With this is mind, plant stress is going to be a key part of turf management this month; particularly for those who have increased maintenance practices over the last month in preparation for the commencement of play, cultural aeration and top-dressing work followed by fertilisation to encourage recovery. The added stress of wear on top of the changing temperatures will lead to plant stress. The cooler temperatures indicate that growth will be moderate and therefore nutritional inputs need to follow on from this information. Trying to force continued growth is not recommended as it can lead to further issues. Instead, look to support the existing growth by applying small inputs of nutrition when conditions are suitable and additional inputs of plant health promoting products, to alleviate some of the added stresses.
Keeping disruption to a minimum over the coming weeks will be a focus for many turf mangers not wanting to have too much of an impact on playing surfaces. However, when thinking about the additional stresses the plant will be put under, continuing to carry out some light maintenance is recommended. Light aeration work will allow for the gaseous exchange and will also aid the movement of water down the profile. This will be most beneficial should there be a period of dry weather, which in recent years has not been un-common for April. Wetting agents can also be a useful tool in this regard, to ensure even distribution of moisture through the profile. They can be used periodically, but prevention can be better than the cure, and starting early in the season ahead of any prolonged dry periods can have a positive effect on plant health.
Given as of the 28th March we entered British Summer Time (BST), temperatures increase (maybe not until towards the end of the month) and daylight hours increase. This gives the plant more opportunity to carry out photosynthesis; more photosynthesis means more growth. Applications of simple sugars and carbohydrates can provide the plant with a readily available supply of energy, which can be much needed at a time when growth is commencing and can assist in reducing any additional stress. As can choosing an appropriate fertiliser with a suitable nitrogen source for the time of year. If growth is not strong because of environmental conditions, applications in small amounts of readily available nitrogen can be used to keep a constant but low supply of nutrition, which supports healthy growth. Alternatively, a granular application with a portion of slow release technology could be used, which will provide nutrition gradually over a longer period, depending on the environmental conditions. Typically, part of the formulation will depend on microbial activity to break down the technology to urea which, once converted via further processes to ammonium and nitrate, can be taken up by the plant.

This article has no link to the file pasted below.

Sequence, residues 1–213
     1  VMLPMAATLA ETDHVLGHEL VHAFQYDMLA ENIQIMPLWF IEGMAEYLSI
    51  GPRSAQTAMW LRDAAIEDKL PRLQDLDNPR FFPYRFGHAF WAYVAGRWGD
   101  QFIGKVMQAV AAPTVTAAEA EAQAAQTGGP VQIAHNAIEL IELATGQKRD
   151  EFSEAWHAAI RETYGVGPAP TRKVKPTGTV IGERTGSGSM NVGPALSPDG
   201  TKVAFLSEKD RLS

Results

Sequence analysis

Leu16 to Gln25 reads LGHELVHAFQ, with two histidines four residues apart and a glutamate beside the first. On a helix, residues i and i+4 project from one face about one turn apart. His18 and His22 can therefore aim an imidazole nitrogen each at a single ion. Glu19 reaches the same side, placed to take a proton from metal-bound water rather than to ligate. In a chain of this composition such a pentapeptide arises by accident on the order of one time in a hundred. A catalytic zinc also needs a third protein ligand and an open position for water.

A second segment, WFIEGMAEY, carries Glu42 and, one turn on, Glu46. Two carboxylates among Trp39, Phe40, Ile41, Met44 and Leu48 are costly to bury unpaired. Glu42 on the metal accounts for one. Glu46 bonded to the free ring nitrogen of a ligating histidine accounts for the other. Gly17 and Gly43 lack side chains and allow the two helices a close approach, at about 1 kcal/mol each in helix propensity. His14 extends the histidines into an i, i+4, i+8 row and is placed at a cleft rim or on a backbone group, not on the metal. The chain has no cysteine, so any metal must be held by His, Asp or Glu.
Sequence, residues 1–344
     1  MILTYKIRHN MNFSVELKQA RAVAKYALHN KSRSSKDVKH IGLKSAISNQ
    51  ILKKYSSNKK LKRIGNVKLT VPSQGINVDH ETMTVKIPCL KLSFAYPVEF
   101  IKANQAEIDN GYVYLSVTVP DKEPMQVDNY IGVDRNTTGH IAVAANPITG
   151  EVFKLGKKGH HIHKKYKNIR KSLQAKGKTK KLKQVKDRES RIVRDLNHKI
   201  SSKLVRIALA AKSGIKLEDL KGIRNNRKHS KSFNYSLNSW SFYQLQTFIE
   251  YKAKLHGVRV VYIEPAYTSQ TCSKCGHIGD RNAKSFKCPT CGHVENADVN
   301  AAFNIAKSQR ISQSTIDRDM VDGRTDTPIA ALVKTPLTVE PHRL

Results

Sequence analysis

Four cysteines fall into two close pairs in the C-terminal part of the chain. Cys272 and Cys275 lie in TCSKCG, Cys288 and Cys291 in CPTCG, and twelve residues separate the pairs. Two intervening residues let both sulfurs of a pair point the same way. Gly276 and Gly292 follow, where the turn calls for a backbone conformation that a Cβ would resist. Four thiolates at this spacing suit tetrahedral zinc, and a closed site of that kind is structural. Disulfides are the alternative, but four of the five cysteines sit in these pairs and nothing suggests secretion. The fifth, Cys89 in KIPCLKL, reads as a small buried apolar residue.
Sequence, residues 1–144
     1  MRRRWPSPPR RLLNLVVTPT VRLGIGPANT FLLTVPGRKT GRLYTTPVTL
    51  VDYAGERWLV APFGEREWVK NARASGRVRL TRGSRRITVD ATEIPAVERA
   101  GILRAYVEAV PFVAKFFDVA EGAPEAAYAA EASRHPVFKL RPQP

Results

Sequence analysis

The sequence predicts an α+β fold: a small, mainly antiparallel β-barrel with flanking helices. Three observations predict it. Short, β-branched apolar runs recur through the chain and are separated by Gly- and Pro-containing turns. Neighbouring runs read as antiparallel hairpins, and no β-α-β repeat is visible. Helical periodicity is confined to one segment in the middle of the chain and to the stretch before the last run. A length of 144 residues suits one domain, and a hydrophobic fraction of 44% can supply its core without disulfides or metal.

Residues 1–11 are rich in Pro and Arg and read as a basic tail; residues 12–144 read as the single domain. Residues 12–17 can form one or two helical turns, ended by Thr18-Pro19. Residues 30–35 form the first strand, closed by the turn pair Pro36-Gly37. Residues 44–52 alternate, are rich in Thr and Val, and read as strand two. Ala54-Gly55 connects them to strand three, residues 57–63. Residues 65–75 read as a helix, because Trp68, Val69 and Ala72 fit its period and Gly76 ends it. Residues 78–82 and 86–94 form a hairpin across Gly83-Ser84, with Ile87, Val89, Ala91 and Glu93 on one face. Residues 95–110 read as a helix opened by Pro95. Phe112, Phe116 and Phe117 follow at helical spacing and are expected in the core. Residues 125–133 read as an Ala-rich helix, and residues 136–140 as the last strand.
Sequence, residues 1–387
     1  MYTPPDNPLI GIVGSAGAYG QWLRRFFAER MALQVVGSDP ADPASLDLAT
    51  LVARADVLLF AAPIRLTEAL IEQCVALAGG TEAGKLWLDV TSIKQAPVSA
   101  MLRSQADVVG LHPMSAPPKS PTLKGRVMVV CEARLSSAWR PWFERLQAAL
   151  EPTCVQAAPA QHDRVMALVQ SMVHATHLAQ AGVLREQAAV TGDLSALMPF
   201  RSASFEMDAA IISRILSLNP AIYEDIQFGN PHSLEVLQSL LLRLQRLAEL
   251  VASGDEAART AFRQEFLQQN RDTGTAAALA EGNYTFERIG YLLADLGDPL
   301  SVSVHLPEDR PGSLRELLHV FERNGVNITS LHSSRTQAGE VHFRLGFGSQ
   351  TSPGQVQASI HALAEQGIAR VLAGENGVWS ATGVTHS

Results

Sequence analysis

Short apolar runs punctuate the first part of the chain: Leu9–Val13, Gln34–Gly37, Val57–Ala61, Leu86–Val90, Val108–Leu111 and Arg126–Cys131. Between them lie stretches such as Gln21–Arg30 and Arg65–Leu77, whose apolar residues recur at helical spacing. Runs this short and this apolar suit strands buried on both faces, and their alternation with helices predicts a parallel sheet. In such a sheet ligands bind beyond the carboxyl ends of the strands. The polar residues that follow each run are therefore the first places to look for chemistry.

Biostimulants applied at the right time will be beneficial to the plant and soil. Applications of seaweed will elicit important beneficial defensive and stress responses in the plant and associated micro-organisms, when applied ahead of disease activity, before conditions favour its development. Amino acids play an important role in abiotic stress tolerance, helping plants to prepare for and cope with additional stresses such as varying changes in temperature and volumetric water content. As the level of nutrient applications increase, as we head into the growing season, applications of Humates can assist in maximising nutrient availability as well as stimulating and providing habitable zones for beneficial bacteria.
Pests such as leather jackets and chafer grubs will continue in their life cycles. Therefore, maintaining observations as part of your Integrated Pest Management plan will be crucial for timing operations later in the season. If damage is currently an issue, sheeting can be used to draw the pests out of the ground, which can then be physically removed. This method is being deployed by many turf managers as a method to reduce pest populations, whilst chemical control methods are restricted.
You should have had your mower serviced and sharpened ready for the new season.
- Inspect machinery and equipment
- Clean after use
- Remember to check air filters
- Inspect and reset mowing blades on cylinder mowers to ensure they remain sharp